Time to let things go

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Time to let things go


Members of the South Korean delegation try to stop Park Chul-soo, North Korea’s deputy director of the Special District Development Bureau, from holding a press conference at the Kaesong Industrial Complex last month. [Joint Press Corps]

Hiroyuki Itsuki is my favorite Japanese writer. I am especially fond of his essays, which contain philosophy from an Asian intellectual who has experienced vicissitudes in life. I was lying on a couch reading his essay collection and enjoying a fan’s breeze. Suddenly, I had to sit up straight when one part captured my attention.

He had a friend who died from cancer. The friend was a smart, willful and determined gentleman who was health conscious and didn’t smoke or drink. No matter how late he got home, he made sure to write a diary entry because he couldn’t sleep when he had something on his mind, especially something he couldn’t forget. He would note it down in his diary and find peace of mind to know, “I will never forget this. I will never forgive him.” When the diaries were stacked as high as his height, he was diagnosed with cancer and passed away less than half a year later.

Itsuki laments why a diligent man like his friend died early when someone living a lazy life like himself is still alive. But Itsuki means more than that. We are often faced with unbearable situations. We feel upset, frustrated and cannot forgive. Recalling a grudge and vowing to get revenge can make you feel better for a while, just as Itsuki’s friend with his diaries. But such stress will eventually consume your health. Itsuki may want to say, “It’s not easy to forgive but you should still try - for your own sake.”

I tend to let things go easily. Even my worst memories leave my mind as time goes by. I get to keep my health despite smoking and drinking thanks to my tendency toward obliviousness. Many people around me are obsessed with old grudges, even people who are closest to me. I say, “Clinging to the past brings stress,” but they cannot shake off bad memories. Perfectionists, fundamentalists and rationalists tend to remember old grudges. They may want other people to be as perfect and reasonable as they are.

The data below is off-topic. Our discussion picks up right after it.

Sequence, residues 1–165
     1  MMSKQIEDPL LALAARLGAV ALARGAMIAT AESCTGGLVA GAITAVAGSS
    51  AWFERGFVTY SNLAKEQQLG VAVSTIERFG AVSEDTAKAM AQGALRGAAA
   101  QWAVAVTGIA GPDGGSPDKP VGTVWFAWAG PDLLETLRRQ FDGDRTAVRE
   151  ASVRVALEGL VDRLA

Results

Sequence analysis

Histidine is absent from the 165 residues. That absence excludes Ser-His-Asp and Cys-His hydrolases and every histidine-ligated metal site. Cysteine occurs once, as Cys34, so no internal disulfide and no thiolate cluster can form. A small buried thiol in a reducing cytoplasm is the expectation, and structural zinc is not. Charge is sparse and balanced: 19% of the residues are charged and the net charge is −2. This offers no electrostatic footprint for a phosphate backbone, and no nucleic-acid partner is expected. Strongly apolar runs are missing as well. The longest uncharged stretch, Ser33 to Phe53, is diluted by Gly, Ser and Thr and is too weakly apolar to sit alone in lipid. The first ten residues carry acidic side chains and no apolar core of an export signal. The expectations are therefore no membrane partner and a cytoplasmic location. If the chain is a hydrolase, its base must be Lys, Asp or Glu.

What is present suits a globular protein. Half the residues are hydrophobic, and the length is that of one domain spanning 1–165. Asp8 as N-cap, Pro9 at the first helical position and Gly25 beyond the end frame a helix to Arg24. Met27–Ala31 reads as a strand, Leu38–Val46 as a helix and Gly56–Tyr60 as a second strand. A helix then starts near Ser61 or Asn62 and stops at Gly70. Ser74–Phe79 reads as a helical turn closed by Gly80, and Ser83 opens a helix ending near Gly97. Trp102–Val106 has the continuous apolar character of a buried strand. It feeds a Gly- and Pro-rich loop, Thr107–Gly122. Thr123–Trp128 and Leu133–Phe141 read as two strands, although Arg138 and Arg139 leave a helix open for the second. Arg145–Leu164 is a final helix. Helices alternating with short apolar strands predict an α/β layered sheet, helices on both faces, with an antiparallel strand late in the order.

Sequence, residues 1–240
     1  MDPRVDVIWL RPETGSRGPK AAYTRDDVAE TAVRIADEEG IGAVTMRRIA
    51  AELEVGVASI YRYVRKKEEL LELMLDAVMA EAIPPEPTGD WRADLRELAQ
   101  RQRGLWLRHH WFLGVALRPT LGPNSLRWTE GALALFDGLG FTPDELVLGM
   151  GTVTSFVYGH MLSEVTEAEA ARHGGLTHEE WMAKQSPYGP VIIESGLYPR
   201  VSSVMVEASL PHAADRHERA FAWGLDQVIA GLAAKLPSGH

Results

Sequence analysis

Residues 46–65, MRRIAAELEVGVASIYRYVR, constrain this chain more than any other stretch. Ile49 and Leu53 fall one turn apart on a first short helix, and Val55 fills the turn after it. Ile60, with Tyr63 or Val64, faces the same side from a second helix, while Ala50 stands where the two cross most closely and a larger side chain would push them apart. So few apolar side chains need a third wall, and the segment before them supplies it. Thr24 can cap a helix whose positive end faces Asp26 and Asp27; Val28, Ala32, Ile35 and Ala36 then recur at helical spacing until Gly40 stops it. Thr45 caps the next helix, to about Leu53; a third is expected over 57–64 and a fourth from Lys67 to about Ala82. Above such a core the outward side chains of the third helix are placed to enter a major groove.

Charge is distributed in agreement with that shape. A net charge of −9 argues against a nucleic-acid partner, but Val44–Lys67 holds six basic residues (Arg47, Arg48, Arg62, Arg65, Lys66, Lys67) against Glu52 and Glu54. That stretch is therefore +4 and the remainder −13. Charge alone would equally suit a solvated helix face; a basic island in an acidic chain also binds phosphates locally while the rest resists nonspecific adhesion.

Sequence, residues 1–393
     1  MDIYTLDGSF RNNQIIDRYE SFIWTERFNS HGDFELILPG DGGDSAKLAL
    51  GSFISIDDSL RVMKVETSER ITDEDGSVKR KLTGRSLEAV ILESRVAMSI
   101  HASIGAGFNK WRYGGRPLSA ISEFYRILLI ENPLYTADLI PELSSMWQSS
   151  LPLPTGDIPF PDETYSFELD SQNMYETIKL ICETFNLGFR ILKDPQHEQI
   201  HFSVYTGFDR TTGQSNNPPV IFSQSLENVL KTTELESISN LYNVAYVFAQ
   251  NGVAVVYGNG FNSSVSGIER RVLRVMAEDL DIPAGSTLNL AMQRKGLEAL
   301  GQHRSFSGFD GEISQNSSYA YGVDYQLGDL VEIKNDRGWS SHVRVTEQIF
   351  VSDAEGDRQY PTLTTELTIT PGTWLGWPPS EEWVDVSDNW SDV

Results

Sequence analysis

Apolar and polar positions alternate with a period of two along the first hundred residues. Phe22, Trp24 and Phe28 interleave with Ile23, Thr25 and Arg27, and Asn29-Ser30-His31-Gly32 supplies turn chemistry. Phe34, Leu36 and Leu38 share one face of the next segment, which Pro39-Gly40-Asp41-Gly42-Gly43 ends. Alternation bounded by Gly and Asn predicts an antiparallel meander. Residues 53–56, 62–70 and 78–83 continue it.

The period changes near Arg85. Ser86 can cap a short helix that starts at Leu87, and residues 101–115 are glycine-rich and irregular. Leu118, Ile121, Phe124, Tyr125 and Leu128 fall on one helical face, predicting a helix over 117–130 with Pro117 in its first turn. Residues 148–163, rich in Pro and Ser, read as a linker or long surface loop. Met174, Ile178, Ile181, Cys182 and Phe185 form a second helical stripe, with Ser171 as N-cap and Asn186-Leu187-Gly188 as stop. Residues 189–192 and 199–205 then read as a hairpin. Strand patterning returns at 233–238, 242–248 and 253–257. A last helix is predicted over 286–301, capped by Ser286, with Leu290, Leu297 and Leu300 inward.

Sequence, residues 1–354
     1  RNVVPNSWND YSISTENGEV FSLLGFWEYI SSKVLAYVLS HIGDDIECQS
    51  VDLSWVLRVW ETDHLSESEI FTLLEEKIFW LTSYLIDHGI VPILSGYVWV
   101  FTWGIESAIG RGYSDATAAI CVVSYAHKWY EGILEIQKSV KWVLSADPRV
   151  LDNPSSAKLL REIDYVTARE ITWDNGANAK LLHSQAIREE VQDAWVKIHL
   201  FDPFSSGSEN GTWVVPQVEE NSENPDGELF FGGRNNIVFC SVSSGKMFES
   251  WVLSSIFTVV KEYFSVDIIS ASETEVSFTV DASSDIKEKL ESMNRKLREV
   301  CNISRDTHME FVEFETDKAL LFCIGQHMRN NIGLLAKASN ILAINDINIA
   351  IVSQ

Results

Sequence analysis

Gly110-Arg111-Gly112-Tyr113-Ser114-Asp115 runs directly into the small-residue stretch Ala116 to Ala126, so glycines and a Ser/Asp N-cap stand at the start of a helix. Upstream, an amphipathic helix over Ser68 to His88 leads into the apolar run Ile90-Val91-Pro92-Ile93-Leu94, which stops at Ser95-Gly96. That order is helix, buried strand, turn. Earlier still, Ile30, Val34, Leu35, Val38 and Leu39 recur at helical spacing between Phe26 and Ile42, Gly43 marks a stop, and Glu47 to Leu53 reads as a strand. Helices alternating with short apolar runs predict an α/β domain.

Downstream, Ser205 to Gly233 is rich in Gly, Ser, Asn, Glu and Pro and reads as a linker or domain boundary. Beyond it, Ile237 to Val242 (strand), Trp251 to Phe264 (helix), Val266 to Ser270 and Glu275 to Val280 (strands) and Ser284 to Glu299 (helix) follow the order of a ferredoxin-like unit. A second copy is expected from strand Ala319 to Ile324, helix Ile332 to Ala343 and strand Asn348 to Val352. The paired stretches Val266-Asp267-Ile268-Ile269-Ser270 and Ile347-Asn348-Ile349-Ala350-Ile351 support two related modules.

Personally, I believe the most crucial cause of discord in our society is the problem with North Korea. The perspective on the North has become a unique standard that distinguishes the progressive from the conservative, the left from the right. If you look at the country from the past’s point of view, you are an extreme conservative. If you look at it from a future-oriented perspective, you are a pro-Pyongyang leftist. This is a sad reality in Korea. From the southward aggression to nuclear armaments, there are countless faults that North Korea has committed. Of course, the principle not to forgive and to demand accountability is reasonable. In contrast, the future-oriented view that we cannot go forward if we cling to the past also makes sense.

The Park Geun-hye administration’s North Korea policy seems to be based on principles. As the working-level talks on the Kaesong Industrial Complex illustrated, the government is approaching the inter-Korean relationship like a military operation. Perhaps that’s because many of the people in charge of North Korean policy have military backgrounds.

We certainly need principles. But if we hold onto them too tightly, we become brittle. Softness will eventually win over the hard-liners. We should have flexibility while valuing principles.

When we walk, we need to look forward. If we look back, we cannot go far. Looking forward doesn’t mean forgetting the past and forgiving all sins. We need to keep the past in our hearts but move forward with our minds. We look back too often. It is dogma to believe I am absolutely right and others are totally wrong. When we abandon dogma, history will progress.

Itsuki wrote, “We forgive, or don’t forgive, because we are trying to take charge of everything in life.” But he offers a simple Zen Buddhist advice: “Everything is beyond my control.” I like his attitude of letting things go.

*The author is an editorial writer of the JoongAng Ilbo.

by Bae Myung-bok
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